You know that somewhat annoying seat belt reminder you hear go off when your front passenger hasn’t buckled up, even just a few seconds after starting the car? That chime could triple if a government proposal to equip backseats with the same reminder goes into effect.
Tomorrow’s cars could make it harder to travel without everyone buckled up, but it’s not just your passengers who would benefit. Unbelted passengers become projectiles in an accident, the Insurance Institute for Highway Safety says, increasing the risk of injury or death to other occupants — including you, even if you’re buckled — by 40%.
A handful of today’s cars, from the Volvo S60 to the Chevrolet Volt, alert occupants of unbuckled rear passengers with warning chimes or dashboard indicators. But forthcoming legislation could expand the group. A highway bill that passed Congress on July 2 calls for providing “a safety belt use warning system for designated seating positions in the rear seat.”
Specific details remain unclear. “The agency is in the early stages of establishing performance requirements for rear seat belt reminder systems,” a spokesman for the National Highway Traffic Safety Administration said. “These systems are still being evaluated by the agency.”
Backseat passengers could use the reminder. A NHTSA survey released in early 2009 found those in the rear buckle up 74% of the time, compared with 83% for those up front.
The law has been a long time coming. Seat belt reminders for the front seats have been around since the 1970s, and NHTSA requires them for the driver’s seat. Most new cars — three-fourths of all models in 2010, according to NHTSA — include a belt warning for the front passenger seat, too. How effective are they? A government study in 2007 found that what officials call “enhanced seat belt reminders” — which combine sound, icon or text warnings — improved belt use by 3.9%. An IIHS study in 2010, meanwhile, found driver fatality rates were 6% lower in vehicles with enhanced belt reminders.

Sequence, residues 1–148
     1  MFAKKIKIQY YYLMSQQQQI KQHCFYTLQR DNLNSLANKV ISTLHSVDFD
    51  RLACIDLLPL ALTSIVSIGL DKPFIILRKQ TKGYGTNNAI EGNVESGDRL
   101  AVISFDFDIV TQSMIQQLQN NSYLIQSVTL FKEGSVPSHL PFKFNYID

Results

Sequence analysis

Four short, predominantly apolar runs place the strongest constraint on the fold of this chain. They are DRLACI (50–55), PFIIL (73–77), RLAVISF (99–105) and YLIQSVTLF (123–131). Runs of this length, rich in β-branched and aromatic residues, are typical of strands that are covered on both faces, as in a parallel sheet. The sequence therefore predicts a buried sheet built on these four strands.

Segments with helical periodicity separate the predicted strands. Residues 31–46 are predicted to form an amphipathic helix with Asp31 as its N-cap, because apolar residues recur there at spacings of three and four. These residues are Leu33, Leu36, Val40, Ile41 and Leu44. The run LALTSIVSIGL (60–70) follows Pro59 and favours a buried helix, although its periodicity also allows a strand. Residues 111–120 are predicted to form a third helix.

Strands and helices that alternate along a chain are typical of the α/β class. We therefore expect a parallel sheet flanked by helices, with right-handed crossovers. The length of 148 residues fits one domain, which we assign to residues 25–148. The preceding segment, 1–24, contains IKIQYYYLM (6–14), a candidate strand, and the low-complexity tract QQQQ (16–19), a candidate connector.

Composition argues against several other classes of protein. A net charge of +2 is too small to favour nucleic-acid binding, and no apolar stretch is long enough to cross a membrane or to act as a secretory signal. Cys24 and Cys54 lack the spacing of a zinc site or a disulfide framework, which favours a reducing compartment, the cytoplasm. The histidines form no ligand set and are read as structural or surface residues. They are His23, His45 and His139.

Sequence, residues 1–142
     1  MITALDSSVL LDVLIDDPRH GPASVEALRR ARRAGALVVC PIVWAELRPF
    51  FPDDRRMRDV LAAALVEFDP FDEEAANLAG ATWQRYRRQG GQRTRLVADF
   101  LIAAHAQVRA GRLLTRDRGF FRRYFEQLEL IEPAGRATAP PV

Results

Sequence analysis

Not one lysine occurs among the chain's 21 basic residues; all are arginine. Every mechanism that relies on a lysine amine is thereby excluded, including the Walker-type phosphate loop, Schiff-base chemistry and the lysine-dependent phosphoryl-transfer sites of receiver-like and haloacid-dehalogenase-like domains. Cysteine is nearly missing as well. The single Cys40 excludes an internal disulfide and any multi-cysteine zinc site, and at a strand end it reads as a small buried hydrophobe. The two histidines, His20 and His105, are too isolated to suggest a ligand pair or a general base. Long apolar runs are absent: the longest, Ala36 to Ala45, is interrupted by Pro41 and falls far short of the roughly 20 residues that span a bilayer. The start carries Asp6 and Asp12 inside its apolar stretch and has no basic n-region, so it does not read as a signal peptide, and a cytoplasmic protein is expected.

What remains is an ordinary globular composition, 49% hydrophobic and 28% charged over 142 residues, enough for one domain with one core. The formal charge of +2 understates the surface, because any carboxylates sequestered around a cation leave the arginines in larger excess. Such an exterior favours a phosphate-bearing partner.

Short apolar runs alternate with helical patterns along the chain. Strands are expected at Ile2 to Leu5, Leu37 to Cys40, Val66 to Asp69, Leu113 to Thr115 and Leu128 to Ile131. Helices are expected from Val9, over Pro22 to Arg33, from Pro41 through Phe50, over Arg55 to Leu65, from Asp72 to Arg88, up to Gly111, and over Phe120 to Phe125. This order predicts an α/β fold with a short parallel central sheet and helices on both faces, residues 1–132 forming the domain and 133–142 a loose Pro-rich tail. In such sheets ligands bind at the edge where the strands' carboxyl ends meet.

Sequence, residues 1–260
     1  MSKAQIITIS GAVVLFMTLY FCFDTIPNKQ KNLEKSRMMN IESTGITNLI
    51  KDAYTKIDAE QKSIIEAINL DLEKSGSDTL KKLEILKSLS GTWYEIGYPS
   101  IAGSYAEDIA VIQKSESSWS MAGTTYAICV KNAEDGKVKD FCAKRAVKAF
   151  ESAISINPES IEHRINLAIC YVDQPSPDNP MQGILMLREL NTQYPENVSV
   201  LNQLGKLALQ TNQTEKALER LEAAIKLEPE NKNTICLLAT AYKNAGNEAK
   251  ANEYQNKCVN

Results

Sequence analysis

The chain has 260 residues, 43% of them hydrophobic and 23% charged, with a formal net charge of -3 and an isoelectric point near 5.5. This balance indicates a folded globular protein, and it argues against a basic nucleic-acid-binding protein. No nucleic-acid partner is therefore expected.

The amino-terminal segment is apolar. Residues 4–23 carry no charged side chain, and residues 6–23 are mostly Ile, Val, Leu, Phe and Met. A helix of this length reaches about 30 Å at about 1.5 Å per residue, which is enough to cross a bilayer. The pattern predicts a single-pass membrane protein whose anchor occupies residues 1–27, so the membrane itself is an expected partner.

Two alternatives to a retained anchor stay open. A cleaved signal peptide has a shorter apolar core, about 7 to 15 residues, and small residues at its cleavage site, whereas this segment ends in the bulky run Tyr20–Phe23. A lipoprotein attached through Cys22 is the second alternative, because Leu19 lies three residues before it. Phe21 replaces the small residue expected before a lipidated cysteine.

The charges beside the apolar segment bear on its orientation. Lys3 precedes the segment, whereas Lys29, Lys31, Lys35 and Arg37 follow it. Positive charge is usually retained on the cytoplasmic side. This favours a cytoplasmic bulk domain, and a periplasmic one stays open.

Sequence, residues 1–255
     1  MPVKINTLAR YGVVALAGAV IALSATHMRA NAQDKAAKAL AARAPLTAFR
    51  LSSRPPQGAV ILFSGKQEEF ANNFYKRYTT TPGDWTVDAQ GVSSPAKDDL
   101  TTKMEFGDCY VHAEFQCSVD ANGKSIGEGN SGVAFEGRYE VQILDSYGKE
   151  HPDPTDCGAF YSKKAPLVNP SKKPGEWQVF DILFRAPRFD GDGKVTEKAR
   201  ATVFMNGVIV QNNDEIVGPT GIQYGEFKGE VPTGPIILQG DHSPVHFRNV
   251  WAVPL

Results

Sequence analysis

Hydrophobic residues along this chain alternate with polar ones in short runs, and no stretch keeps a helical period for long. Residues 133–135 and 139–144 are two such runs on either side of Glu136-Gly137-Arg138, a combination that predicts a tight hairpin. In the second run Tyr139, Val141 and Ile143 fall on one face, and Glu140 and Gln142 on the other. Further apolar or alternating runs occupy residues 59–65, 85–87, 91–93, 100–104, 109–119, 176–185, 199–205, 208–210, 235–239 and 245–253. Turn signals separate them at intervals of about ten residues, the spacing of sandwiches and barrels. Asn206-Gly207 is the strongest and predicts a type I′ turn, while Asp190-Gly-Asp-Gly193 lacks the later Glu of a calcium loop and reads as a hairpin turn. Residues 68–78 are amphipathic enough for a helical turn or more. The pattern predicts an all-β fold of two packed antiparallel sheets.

Forty-nine states and the District of Columbia require front-seat occupants to buckle up, according to the Governors Highway Safety Association, but 24 of those states don’t require adults in back to do the same.
Teens Buckle Up Less Frequently
Unbelted backseat occupants are a “significant” problem, IIHS spokesman Russ Rader said, noting that backseat passengers wearing lap and shoulder belts face a 44% lower risk of fatal injury in cars and 73% lower risk in vans and SUVs. But teenage passengers are at particular risk. NHTSA noted that teens buckle up far less frequently than adults, with some 20% of teens and young adults going unbelted in a 2008 study. In 2009, 56% of 16- to-20-year-olds involved in fatal accidents were unbuckled.
“The backseat riding rate is high in those age groups, but the restrain usage rates are very low,” said safety advocate Joseph Colella, who consults for Traffic Safety Projects near Washington, D.C. “We’re not making progress with the tweens and teens the way we are with other groups.”
In the scheme of traffic-safety priorities, backseat belt reminders don’t rank high. Two groups, Public Citizen and Advocates for Highway and Auto Safety, petitioned NHTSA in 2007 to implement belt reminders for the rear seats, claiming some 289 lives could be saved each year. That’s nothing to sneeze at, but it’s a small fraction of the 41,059 traffic deaths that year. By comparison, drunken driving was responsible for 12,998 lives lost.
The figure could mislead, Colella said, as it represents only those killed who weren’t wearing seat belts.
“That’s not including the projectile factor, where the unsecured body in the backseat can injure somebody in the front seat or another rear-seat passenger,” Colella said. “No one in the vehicle is safe unless everyone in the vehicle is buckled.”
How Would They Work?
The implementation remains vague. The 2007 DOT study couldn’t conclude which type of belt reminder — audible, visual symbol or textual — was most effective. And the backseat is a frequent spot for cargo, so the belt reminders would need to determine whether the unbelted backseat had William or Wal-Mart. After all, front-seat belt reminders can sometimes confuse the two.
“The sensors are pretty sophisticated,” IIHS’ Rader assured, “unless you’ve got a 150-pound sack of potatoes back there.” And if you do, you should probably belt it in. Unsecured objects can become projectiles just as much as passengers, he added.
Either way, it will be a few years before backseat reminders show up. The highway bill gives the Secretary of Transportation up to three years to issue a final rule. In the meantime, keep reminding those folks in back to buckle up — and tell your teen to do the same.